Concrete Jungyals The female-led collective are slowly but surely reintegrating themselves into Bristol’s club scene, bringing with them good vibes, a tight-knit support network and an uncompromising commitment to diversity WORDS: MATT ROBSON
nergy. Positivity. Mutual support. Those are the pillars of the Concrete Jungyals ethos, an approach that has seen the collective secure an array of opportunities for minority artists across Bristol and beyond since their inception in 2017.
Formed initially as a Facebook group for women, LGBTQ+ people and people of colour to share music, skills and ideas, Concrete Jungyals has developed into a bustling community of creatives and tastemakers, led by a three-person core team and a further four resident artists. Over the past four years the collective has become a firm fixture on Bristol’s nightlife scene, hosting their own parties, taking over stages at some of the city’s best-loved venues and festivals, and collaborating with a number of established brands and promoters. Today, Concrete Jungyals’ residents span drum & bass, jungle, dubstep/140, breakbeat and more, with fast-rising, multi-disciplinary live performer and DJ Grove adding yet another dimension to the group’s growing repertoire.
The secret to Concrete Jungyals’ success, according to co-founder Tiffany SK, is allowing each core member to operate within their own space, maintaining their own unique style and approach to their craft while being supported behind the scenes (and from the dancefloor) by the rest of the team. “We all have a really broad musical taste, and we’ve always wanted to incorporate all of our favourite music rather than sticking to one thing,” Tiffany explains. “So it’s really a reflection of everyone’s taste. We know all the music kind of crosses over and that keeps things fresh.” “We try to support each other as much as we can, when we can,” adds Emmy, another of the group’s core members. “It’s nice to go show our faces and be the little cheerleaders on the side.” Following a lengthy hiatus owing largely to the pandemic, the team are ready to dive back into Bristol’s nightlife scene in 2022 with the launch of a brand-new monthly residency at The Crofters Rights. “I’ve been emailing Crofters for about a year on and off, trying to secure a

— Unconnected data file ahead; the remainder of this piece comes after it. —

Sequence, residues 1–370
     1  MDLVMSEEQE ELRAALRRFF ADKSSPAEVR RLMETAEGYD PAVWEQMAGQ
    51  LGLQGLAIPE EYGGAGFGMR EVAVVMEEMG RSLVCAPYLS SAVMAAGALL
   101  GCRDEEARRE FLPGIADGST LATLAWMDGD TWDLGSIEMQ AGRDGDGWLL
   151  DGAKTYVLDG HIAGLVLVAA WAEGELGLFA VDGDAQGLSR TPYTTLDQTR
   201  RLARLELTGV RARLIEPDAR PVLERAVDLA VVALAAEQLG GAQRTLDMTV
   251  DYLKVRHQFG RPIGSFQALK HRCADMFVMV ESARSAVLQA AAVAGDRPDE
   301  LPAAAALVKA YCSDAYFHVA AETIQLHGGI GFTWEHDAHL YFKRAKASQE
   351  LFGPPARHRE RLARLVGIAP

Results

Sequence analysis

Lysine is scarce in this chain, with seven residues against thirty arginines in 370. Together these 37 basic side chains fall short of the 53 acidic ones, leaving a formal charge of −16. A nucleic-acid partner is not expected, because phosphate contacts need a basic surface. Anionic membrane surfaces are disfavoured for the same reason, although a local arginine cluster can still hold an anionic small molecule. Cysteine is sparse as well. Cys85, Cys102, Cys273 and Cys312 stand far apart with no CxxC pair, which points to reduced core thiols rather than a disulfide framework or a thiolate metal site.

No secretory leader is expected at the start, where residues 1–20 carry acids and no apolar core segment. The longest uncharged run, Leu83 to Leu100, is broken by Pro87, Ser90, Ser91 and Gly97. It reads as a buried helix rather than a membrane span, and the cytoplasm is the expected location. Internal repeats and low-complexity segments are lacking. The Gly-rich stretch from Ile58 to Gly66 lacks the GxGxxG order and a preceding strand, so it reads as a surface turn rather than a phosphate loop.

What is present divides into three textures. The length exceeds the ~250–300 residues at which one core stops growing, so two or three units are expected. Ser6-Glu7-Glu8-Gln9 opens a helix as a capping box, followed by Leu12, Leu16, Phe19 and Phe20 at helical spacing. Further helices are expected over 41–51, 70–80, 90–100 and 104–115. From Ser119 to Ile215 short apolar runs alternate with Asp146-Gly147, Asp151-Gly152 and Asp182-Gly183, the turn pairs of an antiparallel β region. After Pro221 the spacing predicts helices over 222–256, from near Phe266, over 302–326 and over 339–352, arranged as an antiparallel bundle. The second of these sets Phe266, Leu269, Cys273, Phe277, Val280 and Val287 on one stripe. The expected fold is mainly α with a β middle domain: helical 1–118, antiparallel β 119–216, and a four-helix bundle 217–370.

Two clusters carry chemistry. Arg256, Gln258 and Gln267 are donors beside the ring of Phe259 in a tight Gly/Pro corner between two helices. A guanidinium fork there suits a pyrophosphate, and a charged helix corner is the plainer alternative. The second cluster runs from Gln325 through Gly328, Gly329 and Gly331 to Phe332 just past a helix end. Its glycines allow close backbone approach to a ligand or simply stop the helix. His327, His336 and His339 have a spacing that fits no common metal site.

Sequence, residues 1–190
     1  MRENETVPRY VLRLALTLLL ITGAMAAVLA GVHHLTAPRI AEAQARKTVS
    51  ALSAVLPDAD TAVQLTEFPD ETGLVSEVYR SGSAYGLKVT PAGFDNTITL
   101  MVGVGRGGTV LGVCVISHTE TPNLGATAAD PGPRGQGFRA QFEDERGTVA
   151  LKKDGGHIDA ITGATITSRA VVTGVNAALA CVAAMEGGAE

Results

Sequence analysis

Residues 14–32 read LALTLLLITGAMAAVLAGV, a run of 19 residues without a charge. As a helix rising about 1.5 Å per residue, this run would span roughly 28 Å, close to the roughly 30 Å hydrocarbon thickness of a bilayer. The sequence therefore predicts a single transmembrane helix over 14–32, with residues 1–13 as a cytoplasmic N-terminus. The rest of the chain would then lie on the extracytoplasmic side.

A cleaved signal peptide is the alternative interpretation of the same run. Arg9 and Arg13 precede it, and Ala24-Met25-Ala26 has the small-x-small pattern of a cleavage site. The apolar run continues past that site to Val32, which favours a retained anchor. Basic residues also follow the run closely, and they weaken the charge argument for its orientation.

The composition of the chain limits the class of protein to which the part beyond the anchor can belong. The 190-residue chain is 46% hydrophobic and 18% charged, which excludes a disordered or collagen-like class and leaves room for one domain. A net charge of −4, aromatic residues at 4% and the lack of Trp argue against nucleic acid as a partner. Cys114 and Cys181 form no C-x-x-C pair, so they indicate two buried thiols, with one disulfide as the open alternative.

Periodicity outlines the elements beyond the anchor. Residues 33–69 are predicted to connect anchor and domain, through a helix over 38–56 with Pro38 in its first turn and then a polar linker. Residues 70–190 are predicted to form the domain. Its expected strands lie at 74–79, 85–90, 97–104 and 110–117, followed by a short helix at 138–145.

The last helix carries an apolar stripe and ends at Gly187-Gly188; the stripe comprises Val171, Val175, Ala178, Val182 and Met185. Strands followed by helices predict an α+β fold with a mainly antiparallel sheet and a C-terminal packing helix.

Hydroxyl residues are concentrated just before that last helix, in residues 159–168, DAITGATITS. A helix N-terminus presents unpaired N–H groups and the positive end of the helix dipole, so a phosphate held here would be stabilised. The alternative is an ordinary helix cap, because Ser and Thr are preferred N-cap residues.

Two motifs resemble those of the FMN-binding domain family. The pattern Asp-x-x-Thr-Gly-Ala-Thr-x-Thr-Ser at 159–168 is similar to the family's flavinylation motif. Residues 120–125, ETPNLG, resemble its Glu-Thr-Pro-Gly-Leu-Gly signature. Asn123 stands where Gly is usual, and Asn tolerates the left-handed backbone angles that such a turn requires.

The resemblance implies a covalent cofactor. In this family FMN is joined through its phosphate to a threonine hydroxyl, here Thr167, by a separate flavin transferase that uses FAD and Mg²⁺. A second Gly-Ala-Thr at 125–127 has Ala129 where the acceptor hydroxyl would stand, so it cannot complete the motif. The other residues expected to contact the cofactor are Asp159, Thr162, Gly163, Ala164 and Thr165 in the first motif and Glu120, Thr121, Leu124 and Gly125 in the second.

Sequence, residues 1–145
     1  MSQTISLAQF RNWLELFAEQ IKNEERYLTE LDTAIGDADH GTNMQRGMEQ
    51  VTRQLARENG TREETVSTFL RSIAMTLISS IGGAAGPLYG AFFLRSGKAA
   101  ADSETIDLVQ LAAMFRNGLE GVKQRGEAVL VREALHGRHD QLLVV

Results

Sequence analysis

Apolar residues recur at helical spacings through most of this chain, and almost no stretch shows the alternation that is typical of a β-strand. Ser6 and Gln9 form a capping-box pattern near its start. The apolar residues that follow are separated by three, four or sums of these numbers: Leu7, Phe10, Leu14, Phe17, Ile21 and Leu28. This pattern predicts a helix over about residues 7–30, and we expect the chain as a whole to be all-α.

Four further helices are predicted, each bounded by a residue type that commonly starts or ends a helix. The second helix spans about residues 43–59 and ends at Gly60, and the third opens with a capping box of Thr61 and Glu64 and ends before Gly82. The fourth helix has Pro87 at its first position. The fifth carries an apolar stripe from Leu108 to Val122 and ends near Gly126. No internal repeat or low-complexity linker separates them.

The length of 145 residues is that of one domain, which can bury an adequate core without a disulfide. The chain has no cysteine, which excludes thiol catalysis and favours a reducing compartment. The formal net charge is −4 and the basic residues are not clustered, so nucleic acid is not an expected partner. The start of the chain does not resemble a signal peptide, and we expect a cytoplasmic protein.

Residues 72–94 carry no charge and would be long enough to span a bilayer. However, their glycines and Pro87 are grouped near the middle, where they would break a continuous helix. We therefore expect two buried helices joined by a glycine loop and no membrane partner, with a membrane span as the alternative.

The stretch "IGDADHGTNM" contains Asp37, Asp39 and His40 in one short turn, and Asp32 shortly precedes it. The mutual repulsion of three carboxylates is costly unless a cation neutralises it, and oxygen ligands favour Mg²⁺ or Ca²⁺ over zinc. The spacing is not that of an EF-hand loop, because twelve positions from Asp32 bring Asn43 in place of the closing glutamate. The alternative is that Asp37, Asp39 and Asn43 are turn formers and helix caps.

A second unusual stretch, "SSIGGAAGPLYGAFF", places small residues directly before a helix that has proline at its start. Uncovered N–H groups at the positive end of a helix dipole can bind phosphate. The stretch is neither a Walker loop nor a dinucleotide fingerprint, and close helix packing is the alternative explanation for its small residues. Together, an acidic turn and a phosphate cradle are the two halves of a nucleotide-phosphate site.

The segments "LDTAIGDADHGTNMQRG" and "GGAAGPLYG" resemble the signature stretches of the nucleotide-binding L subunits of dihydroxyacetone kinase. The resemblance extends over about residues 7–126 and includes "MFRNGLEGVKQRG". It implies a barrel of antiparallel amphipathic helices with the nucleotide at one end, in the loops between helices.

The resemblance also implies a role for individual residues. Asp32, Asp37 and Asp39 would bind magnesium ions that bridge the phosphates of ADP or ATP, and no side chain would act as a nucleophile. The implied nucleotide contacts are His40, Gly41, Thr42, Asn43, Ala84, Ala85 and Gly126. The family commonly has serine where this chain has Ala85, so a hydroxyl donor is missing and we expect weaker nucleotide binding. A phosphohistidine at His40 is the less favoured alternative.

date for a night. After a while they actually got in touch with me and asked if we wanted a residency, so it’s actually worked out quite well,” Tiffany says. From January, on every third Wednesday of the month, residents and special guests will be spinning the full spectrum of bass-led electronic music, bringing the group’s one-of-a-kind party atmosphere back to Stokes Croft for the first time in almost two years. Of course, Concrete Jungyals’ remit extends far beyond their role as party starters, as I find out during an extensive interview with Tiffany, Emmy, and fellow co-founder Sasha SK on Zoom. Alongside building a platform to showcase their own musical taste and develop their talent, the collective are dedicated to carving out a viable space for artists from marginalised and minority communities to thrive in Bristol. “Inclusion and diversity is incredibly beneficial to creativity as well as facilitating and delivering unique experiences at events,” Tiffany tells